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Apple Music Classical – Saint or Sinner?

Apple Music Classical

Apple began its Apple Music Classical service today. It uses technology developed by Primephonic following Apple’s buying of the Amsterdam-based streaming service in 2021. The app runs on iPhone iOS 15.4 or later and needs an Apple Music (but not Voice) subscription. At the time of launch, the service is not in China, Japan, Korea, Russia, Taiwan and Turkey.

Apple Music Classical links with Apple Music. It recognises how classical music fans access music differs from other audiences. It can search by artist or even catalogue number and includes curated playlists. The service provides expert filters such as ‘period’, ‘choir’, ‘ensemble’ and others under a ‘Catalog’ tab. Apple claims to stream over five million classical albums in up to 192kHz, 24-bit Hi-Res Lossless format. Also, those with Dolby Atmos-enabled headphones and IEMs can hear albums in spatial audio.

Apple Music Classical: no shuffle, no problem

Apple turned off the shuffle function. You cannot download albums directly but add them to a playlist. You can download albums on that playlist to Apple Music.

Primephonic’s custom information about artists, composers, conductors and recordings is here. The service includes profiles and other information about crucial works, creating a less ‘surface’ environment than other services.

Apple Music Classical


Classical music will still appear on the standard Apple Music app. The Apple Music Classical support document claims, “Recordings, works, and composers won’t appear in the Apple Music app and can be accessed only in the Apple Music Classical app.” While both apps work together, this might isolate classical music from its regular audience. Many will not download the app and are now at one remove from Apple’s classical inventory. This could create a ‘walled garden’ of classical music.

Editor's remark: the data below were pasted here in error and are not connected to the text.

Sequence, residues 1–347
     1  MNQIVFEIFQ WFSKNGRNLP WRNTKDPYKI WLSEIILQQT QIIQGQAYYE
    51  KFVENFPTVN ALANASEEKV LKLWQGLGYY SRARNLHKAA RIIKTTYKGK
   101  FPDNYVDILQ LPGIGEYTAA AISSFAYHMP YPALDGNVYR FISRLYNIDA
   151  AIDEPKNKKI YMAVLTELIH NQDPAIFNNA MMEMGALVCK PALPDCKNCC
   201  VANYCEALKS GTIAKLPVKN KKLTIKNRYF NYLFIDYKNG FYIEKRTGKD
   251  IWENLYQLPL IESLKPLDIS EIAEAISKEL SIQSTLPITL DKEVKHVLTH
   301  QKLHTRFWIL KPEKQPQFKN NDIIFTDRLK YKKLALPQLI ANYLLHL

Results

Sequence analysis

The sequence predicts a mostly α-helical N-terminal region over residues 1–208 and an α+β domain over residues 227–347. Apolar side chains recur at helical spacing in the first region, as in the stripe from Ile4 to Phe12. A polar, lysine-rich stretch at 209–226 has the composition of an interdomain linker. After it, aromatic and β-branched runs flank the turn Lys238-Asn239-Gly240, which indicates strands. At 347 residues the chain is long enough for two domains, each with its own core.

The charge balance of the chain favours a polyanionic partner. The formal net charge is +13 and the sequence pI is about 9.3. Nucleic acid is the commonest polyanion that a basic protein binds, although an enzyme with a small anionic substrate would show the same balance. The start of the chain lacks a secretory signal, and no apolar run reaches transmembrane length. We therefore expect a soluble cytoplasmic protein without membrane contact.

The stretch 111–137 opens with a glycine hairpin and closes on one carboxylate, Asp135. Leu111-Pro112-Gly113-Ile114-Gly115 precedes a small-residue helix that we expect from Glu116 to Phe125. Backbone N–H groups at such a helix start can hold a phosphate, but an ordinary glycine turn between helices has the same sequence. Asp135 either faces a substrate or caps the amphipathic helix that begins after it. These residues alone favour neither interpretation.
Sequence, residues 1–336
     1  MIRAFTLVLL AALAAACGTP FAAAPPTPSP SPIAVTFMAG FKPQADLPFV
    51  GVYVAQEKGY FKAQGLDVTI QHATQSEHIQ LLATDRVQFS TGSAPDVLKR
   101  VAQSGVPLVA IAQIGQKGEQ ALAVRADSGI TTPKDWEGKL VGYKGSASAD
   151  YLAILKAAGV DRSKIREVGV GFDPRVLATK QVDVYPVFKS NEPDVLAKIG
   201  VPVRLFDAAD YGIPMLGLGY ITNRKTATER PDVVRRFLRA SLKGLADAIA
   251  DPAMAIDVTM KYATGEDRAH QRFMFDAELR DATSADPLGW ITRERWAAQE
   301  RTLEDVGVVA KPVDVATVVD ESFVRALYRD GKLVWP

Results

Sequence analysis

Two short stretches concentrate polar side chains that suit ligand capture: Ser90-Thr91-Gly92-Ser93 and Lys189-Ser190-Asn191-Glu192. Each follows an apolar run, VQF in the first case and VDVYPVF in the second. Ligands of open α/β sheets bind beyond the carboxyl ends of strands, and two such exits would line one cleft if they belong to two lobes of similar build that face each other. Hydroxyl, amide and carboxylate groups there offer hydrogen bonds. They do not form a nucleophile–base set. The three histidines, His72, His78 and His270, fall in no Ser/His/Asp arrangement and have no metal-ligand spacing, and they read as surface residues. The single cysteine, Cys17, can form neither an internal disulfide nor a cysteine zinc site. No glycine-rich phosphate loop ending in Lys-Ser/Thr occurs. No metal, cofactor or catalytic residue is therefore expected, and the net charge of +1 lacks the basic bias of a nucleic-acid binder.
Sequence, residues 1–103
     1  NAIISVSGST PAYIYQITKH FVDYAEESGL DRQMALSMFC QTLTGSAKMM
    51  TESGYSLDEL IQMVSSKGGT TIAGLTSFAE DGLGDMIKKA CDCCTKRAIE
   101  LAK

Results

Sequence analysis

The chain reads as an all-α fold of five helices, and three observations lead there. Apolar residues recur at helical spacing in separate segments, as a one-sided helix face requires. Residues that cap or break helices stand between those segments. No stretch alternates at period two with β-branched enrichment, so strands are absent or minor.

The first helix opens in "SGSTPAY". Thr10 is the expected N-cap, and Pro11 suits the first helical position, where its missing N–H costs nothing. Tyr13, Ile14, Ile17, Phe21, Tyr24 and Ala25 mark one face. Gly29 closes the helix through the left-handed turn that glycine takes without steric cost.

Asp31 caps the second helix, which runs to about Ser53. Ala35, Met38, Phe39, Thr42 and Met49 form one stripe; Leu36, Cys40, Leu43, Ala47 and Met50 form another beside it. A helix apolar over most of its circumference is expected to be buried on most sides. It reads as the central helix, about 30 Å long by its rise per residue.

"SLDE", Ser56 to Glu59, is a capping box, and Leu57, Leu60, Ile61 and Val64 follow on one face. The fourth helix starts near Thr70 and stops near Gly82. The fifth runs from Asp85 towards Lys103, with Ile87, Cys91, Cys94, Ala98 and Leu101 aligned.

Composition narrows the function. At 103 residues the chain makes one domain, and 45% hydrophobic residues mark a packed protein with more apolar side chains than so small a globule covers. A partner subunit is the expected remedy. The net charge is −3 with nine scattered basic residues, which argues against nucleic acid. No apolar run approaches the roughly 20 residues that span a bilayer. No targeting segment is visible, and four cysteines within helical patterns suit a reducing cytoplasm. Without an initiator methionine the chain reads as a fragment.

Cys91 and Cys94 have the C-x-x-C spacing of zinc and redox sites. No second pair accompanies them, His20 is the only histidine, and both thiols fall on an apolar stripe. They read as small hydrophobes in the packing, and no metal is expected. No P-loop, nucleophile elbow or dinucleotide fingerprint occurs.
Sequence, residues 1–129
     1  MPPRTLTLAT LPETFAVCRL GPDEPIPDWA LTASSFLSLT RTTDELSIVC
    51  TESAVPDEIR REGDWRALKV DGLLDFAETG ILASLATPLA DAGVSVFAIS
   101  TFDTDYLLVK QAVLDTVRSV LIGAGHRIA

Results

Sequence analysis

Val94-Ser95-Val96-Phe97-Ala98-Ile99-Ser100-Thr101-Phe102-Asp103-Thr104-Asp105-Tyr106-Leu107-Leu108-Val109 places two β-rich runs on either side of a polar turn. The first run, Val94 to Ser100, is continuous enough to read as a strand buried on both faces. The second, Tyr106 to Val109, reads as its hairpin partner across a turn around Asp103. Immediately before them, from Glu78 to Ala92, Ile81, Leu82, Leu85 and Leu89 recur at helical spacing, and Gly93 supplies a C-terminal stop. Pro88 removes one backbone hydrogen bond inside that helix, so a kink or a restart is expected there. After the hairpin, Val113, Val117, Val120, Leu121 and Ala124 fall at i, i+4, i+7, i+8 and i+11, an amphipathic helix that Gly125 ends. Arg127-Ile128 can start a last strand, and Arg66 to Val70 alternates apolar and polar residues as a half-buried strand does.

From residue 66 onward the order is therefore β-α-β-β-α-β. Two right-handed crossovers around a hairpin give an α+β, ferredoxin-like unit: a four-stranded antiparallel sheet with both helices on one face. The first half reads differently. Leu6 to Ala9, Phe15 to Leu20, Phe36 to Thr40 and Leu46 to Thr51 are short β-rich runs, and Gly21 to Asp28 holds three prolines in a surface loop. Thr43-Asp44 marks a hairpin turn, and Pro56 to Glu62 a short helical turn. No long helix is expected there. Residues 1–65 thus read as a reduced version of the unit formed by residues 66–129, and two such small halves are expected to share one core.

iPhone only

In addition, the iPhone-only nature of the service is a worry. Many older listeners will not – or cannot – view classical music on a smaller screen. Users with Apple Music on other devices must use an iPhone to access many classical recordings. The larger iPad is an obvious choice; the service can run on an iPad. However, it does so with an iPhone-like screen size and aspect ratio.

Apple Music Classical (like Primephonic before it) ‘gets’ music in a manner a classical audience understands. The terrible state of streamed classical music shows why this service must happen. However, as it stands, this will not force other streaming services to improve.

Enter the ecosystem

Apple Music Classical must play on more devices, including those within Apple’s ecosystem. However, I applaud Apple for not simply burying the services provided by Primephonic. It’s good that the music is in Hi-Res, Lossless from the outset. Making the service a part of Apple Music rather than another subscription service is excellent.

Make this work, Apple; it is so nearly there.

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